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Daily intelligence briefing on the former Soviet Union

Wednesday, March 21, 2001

Russian Federation


Russia Dismisses Rumsfeld’s Claims

· Russian Foreign Ministry on Tuesday angrily dismissed Defense Secretary Donald Rumsfeld’s claim that Russia spreads missile technologies, urging Washington to abandon “propaganda duels and Cold War cliches.” “It appears that top officials in the US military establishment don’t realize to what extent the world has changed,” the ministry said in a statement. “The world community no longer accepts Cold War logic, when military force substituted for diplomacy.” “It would appear that the new Pentagon leadership is experiencing some difficulty in adapting to the realities of the post-confrontational period.”

According to Reuters, the ministry’s statement was a response to an interview with Rumsfeld and his deputy Paul Wolfowitz in the British Sunday Telegraph. In the interview, Rumsfeld branded Russia “an active proliferator” and accused Russia of sharing missile technologies with countries that may threaten the US and its allies. As Intercon reported on January 13, 1999, the US imposed economic sanctions against Mendeleyev Chemical Technical University in Moscow, the Scientific Research and Design Institute of Power and Technology (NIKIET), and the Moscow Aviation Institute, accusing them of leaking nuclear and missile technology to Iran. The sanctions banned all US aid, contracts and export-import transactions to these institutions. The US imposed similar sanctions against seven other Russian institutions in July, following an Iranian test-fire of a missile that could strike Israel and other US allies. The Russian Foreign Ministry branded the US sanctions as groundless and said that it violated accords on cooperation in nuclear non-proliferation. In August, 2000, a CIA report was released which stated that Russian businesses continue to be major suppliers of weapons of mass destruction equipment, materials and technology to Iran.” It adds, “Tehran is attempting to develop an indigenous capability to produce various types of weapons-nuclear, chemical, and biological-and their delivery systems.“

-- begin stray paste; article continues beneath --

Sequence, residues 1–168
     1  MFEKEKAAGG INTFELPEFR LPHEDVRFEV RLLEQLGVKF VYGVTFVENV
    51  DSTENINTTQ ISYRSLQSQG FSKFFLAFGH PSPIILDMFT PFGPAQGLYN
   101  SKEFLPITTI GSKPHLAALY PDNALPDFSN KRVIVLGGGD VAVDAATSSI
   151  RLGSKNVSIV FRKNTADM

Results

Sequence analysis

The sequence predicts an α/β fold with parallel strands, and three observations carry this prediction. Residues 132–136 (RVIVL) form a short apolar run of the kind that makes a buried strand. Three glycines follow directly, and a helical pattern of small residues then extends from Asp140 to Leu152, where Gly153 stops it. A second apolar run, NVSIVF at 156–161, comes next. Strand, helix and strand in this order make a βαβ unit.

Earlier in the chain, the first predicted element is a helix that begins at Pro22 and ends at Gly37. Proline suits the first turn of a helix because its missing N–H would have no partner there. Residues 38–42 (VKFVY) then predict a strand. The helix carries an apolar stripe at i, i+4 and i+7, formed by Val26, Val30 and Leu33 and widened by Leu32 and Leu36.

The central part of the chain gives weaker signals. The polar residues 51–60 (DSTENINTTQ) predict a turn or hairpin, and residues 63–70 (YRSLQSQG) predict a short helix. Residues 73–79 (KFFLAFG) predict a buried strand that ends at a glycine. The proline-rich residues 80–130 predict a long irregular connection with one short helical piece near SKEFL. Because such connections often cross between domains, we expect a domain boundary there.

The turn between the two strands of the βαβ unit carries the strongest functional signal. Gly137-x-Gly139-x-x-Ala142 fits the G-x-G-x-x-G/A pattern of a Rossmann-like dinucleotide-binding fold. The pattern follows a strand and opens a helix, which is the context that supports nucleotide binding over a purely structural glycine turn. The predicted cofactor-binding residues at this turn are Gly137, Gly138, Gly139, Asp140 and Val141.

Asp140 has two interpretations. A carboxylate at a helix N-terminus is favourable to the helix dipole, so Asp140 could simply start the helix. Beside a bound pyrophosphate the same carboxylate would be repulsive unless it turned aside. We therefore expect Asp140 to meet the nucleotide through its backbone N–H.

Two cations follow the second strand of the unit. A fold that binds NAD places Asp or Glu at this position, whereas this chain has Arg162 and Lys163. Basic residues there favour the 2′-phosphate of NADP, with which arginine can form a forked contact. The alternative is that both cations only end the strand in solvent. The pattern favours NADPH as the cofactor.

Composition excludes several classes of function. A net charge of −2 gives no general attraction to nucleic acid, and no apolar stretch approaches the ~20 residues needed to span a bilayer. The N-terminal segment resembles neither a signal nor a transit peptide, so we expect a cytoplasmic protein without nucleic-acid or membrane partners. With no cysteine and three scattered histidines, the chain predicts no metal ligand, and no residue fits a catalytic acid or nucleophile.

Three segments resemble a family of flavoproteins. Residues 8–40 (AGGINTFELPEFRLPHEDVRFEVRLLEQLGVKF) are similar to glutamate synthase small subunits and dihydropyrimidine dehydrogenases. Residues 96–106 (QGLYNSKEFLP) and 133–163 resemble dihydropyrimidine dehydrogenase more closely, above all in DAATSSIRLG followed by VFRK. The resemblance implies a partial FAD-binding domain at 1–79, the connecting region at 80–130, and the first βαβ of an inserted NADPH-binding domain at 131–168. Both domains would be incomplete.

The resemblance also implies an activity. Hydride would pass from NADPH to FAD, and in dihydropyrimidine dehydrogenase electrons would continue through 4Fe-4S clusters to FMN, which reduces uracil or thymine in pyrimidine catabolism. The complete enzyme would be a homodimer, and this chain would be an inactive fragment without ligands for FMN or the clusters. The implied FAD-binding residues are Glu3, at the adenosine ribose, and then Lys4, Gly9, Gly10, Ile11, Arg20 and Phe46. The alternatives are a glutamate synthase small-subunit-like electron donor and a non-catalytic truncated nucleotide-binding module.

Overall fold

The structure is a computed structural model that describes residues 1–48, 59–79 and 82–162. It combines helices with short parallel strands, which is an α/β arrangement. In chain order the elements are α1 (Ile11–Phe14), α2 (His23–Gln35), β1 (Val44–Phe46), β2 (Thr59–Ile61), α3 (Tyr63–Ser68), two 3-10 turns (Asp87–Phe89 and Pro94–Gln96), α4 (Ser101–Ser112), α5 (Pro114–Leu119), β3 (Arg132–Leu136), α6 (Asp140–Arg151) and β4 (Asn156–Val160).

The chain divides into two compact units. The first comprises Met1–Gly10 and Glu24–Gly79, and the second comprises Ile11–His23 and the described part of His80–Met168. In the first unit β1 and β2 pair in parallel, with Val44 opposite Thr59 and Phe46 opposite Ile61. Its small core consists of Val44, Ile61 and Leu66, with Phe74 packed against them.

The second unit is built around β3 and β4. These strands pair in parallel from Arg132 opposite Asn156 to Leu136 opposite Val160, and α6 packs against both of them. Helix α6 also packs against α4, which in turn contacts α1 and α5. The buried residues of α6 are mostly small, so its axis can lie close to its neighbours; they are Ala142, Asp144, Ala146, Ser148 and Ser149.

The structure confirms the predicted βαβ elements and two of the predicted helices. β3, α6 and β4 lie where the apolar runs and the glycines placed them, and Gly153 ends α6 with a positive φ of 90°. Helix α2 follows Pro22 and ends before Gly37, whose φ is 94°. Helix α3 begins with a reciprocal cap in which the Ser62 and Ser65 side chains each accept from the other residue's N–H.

US-Russian relations have long been marred by the controversy over Washington’s plan to develop defenses against ballistic missiles. The US says it needs the missile to shield from the “rogue” nations such as Iran and North Korea. Russia argues that the US plan would undermine the 1972 Anti-Ballistic Missile (ABM) Treaty, which bans national missile defense systems. President Vladimir Putin’s promise to sell more weapons to Iran and finish building its nuclear reactor has added a new strain to US-Russian relations. Last week, President George W. Bush said that Russia was not an enemy but could become a threat in the future.

Seven Civilians Shot In Chechnya

· At least seven civilians have been shot to death in the Chechen capital, Russian officials said Tuesday, blaming the attacks on insurgents seeking to stoke violence in the rebel republic. Five elderly women, the oldest of them 65, and two men were “brutally killed by bandits,” a spokesman for Interior Ministry forces in the Caucasus Yuri Boronyuk stated. All were ethnic Russians, and all were shot in the head, he said. “This is yet another raid by militants who are unhappy about the restoration of peace, and who therefore try to destabilize the situation in every possible way,” said Russian Defense Ministry and Chechnya’s top prosecutor Vsevolod Chernov. Meanwhile, hundreds of women blocked part of the main road across Chechnya, demanding an end to alleged abuses by the Russian military. Concrete blocks, tree trunks and burnt cars were piled on nearly a mile-long stretch of road in eastern Chechnya, as the protesters sat on the highway, Interfax reported.

Russian troops have been accused of torture, killings and brutal treatment of Chechen civilians, but few cases have been investigated or prosecuted. In a rare exception, the commander of a tank regiment, Colonel Yuri Budanov, is on trial in the abduction and killing of an 18-year-old Chechen woman Elza KUNGAYEVA. The trial, which marks the first time a senior Russian army officer is accused of using violence against a civilian, will be a litmus test of Russian military court’s integrity. BUDANOV is accused of abducting KUNGAYEVA from her parents’ home near Grozny in March last year. The prosecutors allege the Colonel drove her to his makeshift military quarters, cut off her clothes, pummeled her face and strangled her to death. This month, BUDANOV told the court that he arrested KUNGAYEVA because he suspected she was a rebel sniper and killed her in a fit of rage after she insulted him. According to the human rights activists, the military prosecutors are withholding forensic evidence that prove KUNGAYEVA was raped before she was murdered. They argue the evidence was concealed to protect BUDANOV’s reputation and that of the Russian military establishment. “They [magistrates] will do all they can within their power to demonstrate in court that Colonel BUDANOV was a hero who killed a Chechen sniper, not a cold blooded rapist,” said Alexandre CHERKASOV at the Moscow-based Human Rights Center Memorial. The Council of Europe, which comprises parliamentarians from 41 countries that subscribe to its charter of human rights and democratic values, suspended Russia’s voting rights for human abuses in Chechnya for a year after reinstating them in January, the Financial Times reported Tuesday.